Rastas want a legal foothold in medicinal ganja industry
RASTAFARIAN ELDER Ras Iyah V, who was one of the key advocates for the decriminalisation of ganja, says he is not optimistic that small ganja farmers will ever benefit from the emerging medicinal cannabis industry, unless legislation is put in place to guarantee those benefits.
Responding to a recent statement by Sport, Culture and Entertainment Minister Oliver Grange, who expressed much disappointment that the Rastafarian community is not benefiting more meaningfully from the multibillion-dollar medicinal cannabis industry, Ras Iyah V said the Government needs to level the playing field for all stakeholders.
“I cannot be an optimist until I see the Government really a do something,” said Ras Iyah V, the founding chairman of the Westmoreland Hemp and Ganja Growers Association and an internationally known spokesman on matters relating to the use of ganja as a sacrament by indigenous people.
Speaking at last week’s CanEx Business Conference and Expo, in Montego Bay, Grange said the Rastafarian community deserves rich accolades for cultivating, safeguarding, and preserving ganja for its cultural, medicinal, and therapeutic uses, especially as it relates to the fact that many members of the Rastafarian community suffered harshly for promoting an activity which was illegal, and which has now morphed into a global multibillion-dollar industry.
“My ministry, the Ministry of Culture, is the focal point for Rasta, and we are not satisfied that the Rastafari community is benefiting from all of this,” Grange lamented.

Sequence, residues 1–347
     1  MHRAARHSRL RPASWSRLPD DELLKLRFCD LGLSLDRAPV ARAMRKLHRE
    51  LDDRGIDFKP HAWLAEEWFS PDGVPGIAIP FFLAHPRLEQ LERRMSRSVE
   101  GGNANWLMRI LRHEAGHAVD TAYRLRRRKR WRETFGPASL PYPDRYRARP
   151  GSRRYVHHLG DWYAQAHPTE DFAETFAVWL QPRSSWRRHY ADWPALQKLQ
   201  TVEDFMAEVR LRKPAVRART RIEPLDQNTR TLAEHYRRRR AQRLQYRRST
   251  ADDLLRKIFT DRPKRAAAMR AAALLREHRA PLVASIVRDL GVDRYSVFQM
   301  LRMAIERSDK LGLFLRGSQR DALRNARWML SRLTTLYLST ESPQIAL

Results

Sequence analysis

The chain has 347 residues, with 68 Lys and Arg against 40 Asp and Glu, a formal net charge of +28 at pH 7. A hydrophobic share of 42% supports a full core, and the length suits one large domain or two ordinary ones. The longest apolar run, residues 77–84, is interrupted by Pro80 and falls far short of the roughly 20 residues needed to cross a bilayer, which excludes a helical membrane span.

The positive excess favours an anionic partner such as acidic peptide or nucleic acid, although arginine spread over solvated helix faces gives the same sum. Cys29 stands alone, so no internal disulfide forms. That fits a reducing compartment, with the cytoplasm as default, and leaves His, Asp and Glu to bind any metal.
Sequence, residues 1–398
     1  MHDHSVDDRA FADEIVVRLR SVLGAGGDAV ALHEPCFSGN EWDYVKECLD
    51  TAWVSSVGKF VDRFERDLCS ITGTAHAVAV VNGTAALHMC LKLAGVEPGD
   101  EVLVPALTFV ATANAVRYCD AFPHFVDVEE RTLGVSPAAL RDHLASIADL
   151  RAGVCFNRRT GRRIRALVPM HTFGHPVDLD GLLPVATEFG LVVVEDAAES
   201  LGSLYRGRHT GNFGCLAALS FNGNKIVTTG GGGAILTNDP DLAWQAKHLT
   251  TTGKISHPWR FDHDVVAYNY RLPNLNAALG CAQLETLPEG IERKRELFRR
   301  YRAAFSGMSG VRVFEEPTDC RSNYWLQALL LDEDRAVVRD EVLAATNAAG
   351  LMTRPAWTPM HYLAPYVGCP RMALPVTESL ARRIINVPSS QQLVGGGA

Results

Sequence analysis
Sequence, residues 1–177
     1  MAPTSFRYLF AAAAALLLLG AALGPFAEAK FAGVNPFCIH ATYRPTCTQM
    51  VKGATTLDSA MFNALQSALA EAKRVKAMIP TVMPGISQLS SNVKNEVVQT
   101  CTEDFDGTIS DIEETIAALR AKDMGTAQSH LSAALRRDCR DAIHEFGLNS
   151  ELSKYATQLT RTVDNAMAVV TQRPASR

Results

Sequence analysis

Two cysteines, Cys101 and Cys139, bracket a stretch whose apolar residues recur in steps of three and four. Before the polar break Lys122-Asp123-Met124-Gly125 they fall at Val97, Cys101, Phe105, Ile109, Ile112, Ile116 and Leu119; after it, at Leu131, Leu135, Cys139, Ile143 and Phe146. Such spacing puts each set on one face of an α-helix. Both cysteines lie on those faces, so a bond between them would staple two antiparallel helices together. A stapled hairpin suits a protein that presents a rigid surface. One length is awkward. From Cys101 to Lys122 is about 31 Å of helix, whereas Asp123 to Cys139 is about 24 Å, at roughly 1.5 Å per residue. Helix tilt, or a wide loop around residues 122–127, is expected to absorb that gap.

However, Ras Iyah V retorted that there is too much talk and no action, as Rastafarians and small ganja farmers are still facing harassment from the police.
“I don’t appreciate lip service. Yes, we give thanks that Babsy Grange has said that, but what is the Government doing to ensure and guarantee that Rastafari is not harassed for having herb in their possession and that we can participate and benefit meaningfully from the cannabis industry?” questioned the Rastafarian elder.
While noting that the country’s Dangerous Drug Act was amended in 2015 to decriminalise the use of small quantities of marijuana, Ras Iyah V said that seven years later, nothing has been done to enable indigenous farmers or to firmly establish a solid, thriving, globally acclaimed cannabis industry in Jamaica, which would bring revenues to households, companies, and the Government.
“I have been saying to the government, that is stupidness, because it’s not every Rastafari plant herb, but they use it in some form or the other, not necessary smoking it,” said Iyah V. “We have been lobbying for Rastafari who plants herb to have the right to transport it from wherever it was grown to sacramental points of distribution, where Rastafari brethren and sistren want the herb, but doesn’t plant it, and wants to access it.”
Ras Iyah V also expressed displeasure that the Rastafarian Advisory Board, which was established by Mark Golding under a previous People’s National Party administration, has been scrapped by the current administration.
“Mark Golding had a Rastafarian board that would advise him on the issues affecting Rastafari directly or indirectly, but since the government changed in 2016, we have been trying our best to have an audience with Justice Minister Delroy Chuck and have not been successful,” said Ras Iyah V, noting to they no longer have an outlet to address atrocities against Rastafarians for using ganja.